Guest Opinion | Like all forms of racism, anti-Semitism is rooted in misinformation and slander

The United States history taught to students does not inform nearly as well as it should, leaving gaps in knowledge open to be exploited by conspiracy theorists.

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The last several weeks have seen an uptick in anti-Semitic social media postings. The ones that have been receiving the most traction have been from Black athletes and celebrities Ice Cube, DeSean Jackson, Stephen Jackson, P.Diddy, and Nick Cannon. The main anti-Semitic conspiracy echoed in their posts have been that Jews controlled the Trans-Atlantic Enslaved Persons Trade. The five men who made these tweets are not representative of every Black American, but represent a far greater issue within American society.

Most Americans still do not know the history of American Jews. This is due to a fault in the American educational system. The fault is that we are taught the framework of why, in theory, America is the best place to live regardless of your race, gender, and/or sexual preference. But we are not the history as to why Jews, like many minorities, are still fighting towards a pursuit of happiness rather than already having achieved happiness.

Once high school and even college course work is completed, several Americans are still so uninformed about histories and daily lives of the Jewish community in their own country. This lack of knowledge is so severe that the simplest and most cathartic answer towards dealing with complicated issues involving the Jewish community is by spewing hate and racist conspiracy.

According to historian Jacob Rader Marcus, more than 75 percent of Jewish families in Charleston, South Carolina; Richmond, Virginia; and Savannah, Georgia, owned slaves. That is a staggering number, but also quite a misleading one.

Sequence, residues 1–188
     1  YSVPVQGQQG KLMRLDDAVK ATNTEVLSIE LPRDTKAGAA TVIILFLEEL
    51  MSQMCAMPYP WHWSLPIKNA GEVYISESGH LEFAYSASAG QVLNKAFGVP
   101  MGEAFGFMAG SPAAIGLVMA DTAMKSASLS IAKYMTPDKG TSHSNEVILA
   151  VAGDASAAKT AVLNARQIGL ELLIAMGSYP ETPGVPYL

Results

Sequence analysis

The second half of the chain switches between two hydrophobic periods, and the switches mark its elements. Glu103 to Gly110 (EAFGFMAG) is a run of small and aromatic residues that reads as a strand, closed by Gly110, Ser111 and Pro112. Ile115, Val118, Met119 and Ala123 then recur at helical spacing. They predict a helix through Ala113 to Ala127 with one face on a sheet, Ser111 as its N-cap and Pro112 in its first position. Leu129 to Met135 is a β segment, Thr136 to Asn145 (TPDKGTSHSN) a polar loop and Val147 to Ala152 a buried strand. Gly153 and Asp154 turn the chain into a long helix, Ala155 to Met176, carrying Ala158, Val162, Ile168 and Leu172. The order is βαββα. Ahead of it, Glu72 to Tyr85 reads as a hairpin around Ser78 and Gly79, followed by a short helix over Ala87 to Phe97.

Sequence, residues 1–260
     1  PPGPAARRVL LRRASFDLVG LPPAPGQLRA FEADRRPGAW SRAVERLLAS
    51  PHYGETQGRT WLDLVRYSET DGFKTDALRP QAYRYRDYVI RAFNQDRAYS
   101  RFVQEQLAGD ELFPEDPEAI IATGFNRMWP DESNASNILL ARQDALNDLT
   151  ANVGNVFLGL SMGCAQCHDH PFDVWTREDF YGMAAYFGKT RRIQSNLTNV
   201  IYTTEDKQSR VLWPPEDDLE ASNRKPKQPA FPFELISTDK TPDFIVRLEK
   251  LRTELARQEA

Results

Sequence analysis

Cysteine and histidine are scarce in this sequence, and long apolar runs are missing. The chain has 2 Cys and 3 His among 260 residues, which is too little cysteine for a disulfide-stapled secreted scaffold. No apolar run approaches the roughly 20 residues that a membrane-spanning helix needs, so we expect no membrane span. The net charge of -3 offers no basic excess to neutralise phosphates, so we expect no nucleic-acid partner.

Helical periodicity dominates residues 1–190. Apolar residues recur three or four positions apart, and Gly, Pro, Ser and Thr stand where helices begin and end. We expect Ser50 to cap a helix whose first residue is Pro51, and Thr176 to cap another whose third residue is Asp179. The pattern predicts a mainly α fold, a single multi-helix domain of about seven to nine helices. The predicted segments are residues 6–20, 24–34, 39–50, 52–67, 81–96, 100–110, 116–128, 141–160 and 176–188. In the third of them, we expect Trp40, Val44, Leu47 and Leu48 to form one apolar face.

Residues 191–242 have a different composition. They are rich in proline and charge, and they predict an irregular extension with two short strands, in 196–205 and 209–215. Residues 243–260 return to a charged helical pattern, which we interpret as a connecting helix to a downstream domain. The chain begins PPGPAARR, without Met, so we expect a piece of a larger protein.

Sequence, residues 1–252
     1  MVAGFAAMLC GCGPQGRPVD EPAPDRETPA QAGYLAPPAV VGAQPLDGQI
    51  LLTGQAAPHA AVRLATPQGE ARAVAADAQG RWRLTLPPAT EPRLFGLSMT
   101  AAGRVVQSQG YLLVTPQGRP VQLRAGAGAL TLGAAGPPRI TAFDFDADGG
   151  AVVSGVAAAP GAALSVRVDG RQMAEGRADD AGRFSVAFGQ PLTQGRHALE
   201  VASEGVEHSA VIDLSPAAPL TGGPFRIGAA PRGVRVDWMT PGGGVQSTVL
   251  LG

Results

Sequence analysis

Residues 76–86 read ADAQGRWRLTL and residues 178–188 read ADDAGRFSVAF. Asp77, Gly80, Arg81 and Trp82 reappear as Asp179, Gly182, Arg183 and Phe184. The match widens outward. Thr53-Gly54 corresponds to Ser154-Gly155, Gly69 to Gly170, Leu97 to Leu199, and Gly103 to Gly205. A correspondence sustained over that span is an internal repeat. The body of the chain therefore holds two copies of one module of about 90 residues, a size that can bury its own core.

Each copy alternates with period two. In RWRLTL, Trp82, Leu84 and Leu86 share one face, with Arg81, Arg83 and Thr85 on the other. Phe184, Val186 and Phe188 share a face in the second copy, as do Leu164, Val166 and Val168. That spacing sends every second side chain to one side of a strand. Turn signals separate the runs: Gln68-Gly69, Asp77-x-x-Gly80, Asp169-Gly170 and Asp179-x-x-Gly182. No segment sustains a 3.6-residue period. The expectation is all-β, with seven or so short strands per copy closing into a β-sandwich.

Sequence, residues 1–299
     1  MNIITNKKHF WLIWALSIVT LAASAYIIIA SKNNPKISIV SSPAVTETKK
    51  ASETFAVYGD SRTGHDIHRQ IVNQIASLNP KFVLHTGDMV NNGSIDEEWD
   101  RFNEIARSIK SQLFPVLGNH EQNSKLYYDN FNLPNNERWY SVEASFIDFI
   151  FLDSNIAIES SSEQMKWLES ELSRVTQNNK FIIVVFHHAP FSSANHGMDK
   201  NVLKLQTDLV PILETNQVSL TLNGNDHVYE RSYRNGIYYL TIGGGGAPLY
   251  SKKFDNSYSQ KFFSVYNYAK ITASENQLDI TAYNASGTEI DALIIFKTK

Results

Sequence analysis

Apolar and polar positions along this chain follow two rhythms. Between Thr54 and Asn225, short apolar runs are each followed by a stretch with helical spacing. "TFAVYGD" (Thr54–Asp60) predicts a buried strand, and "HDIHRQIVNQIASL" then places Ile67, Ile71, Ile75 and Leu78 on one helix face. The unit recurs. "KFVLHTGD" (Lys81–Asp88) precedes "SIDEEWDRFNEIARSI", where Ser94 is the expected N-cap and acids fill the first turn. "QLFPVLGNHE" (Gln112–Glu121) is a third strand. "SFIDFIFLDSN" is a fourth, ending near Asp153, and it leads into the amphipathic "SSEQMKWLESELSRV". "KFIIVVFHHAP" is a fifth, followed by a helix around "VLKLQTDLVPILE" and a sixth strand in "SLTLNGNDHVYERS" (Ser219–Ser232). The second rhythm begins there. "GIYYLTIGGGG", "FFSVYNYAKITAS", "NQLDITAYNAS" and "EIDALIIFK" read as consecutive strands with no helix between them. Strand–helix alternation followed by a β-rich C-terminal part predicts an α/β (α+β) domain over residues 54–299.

Yale University Professor David Brion Davis concludes that in the Southern United States in the year 1830, there were 120 Jews among the 45,000 slaveholders owning 20 or more slaves and only 20 Jews among the 12,000 slaveholders owning 50 or more slaves.

The Jewish Virtual Library estimates that only 4,000 to 6,000 Jews lived in the United States in 1830 which was far less than 1 percent of the worldwide Jewish population. A vast majority of Ashkenazi American Jews can trace their ancestors’ arrival to the United States between 1880 and 1914. The Jewish Virtual Library estimates the American Jewish population increased from 150,000-200,000 in the pre-Civil War era to over 4,000,000 by the mid-1920s.

So what were all the other Jews around the world doing from 1000-1880? Mizrahi Jews in the Middle East and North Africa were relatively safe. Sephardic Jews from the Iberian Peninsula, were purged, imprisoned, and executed during the Spanish Inquisition. Ashkenazi Jews in the Russian Empire, like my family, often fled from organized raids on Jewish communities known as pogroms.

When the majority of these Jews arrived in America they were poor and hardly spoke any English.

So no, people like myself did not have ancestry in or responsibility for the Trans-Atlantic Enslaved Persons Trade.

Growing up in Los Angeles, I have been blessed to have had Black educators in the form of classroom teachers, athletics coaches and/or straight up role models. But at the University of Iowa, where I tripled majored, I had zero Black professors. So I wanted to take a note from a number of my role models who have been posting on Facebook recently. That note is this:

Do not just expect your Jewish friends, if you have any, to converse about anti-Semitism because it may be difficult for them to clearly express themselves without evoking emotion you might find unbecoming.

To clarify, I harbor no hard feelings towards anyone who makes these claims.

What I harbor is empathy and sympathy, words that should be taught in history classes.

I empathize with being unwanted, unliked, and mistreated. I empathize with being talked down and drowned out when trying to fight for representation outside of my community. I empathize with being pigeonholed into a political ideology or position based on who I am from a standpoint of my race and not who I am as an individual.

I empathize with being called racist epithets by white Americans who know nothing of my experience in America when going against the grain of my community’s stereotyped set of beliefs.

And most of all, I hope that you took the time to drop down your guard and process information that may be sensitive to your ego.

If you did not, then there may be some work ahead for you should you ever want to become a decent person who truly cares for all lives and doesn’t just say it.

-William Silverstein, J.D. candidate at Drake University

Editor’s Note: William Silverstein is a former DITV producer

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